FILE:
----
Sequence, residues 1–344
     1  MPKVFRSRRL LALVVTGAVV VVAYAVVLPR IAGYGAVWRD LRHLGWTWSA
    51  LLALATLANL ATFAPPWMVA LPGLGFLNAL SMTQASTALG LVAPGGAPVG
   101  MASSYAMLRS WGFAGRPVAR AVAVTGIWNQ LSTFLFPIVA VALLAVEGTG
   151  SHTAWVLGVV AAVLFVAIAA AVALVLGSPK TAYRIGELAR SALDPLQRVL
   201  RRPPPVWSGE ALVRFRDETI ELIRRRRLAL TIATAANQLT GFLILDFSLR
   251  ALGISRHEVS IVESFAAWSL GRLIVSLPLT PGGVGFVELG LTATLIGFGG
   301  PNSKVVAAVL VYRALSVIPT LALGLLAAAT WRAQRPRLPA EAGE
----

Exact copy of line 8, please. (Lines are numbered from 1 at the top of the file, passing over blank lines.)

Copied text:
   301  PNSKVVAAVL VYRALSVIPT LALGLLAAAT WRAQRPRLPA EAGE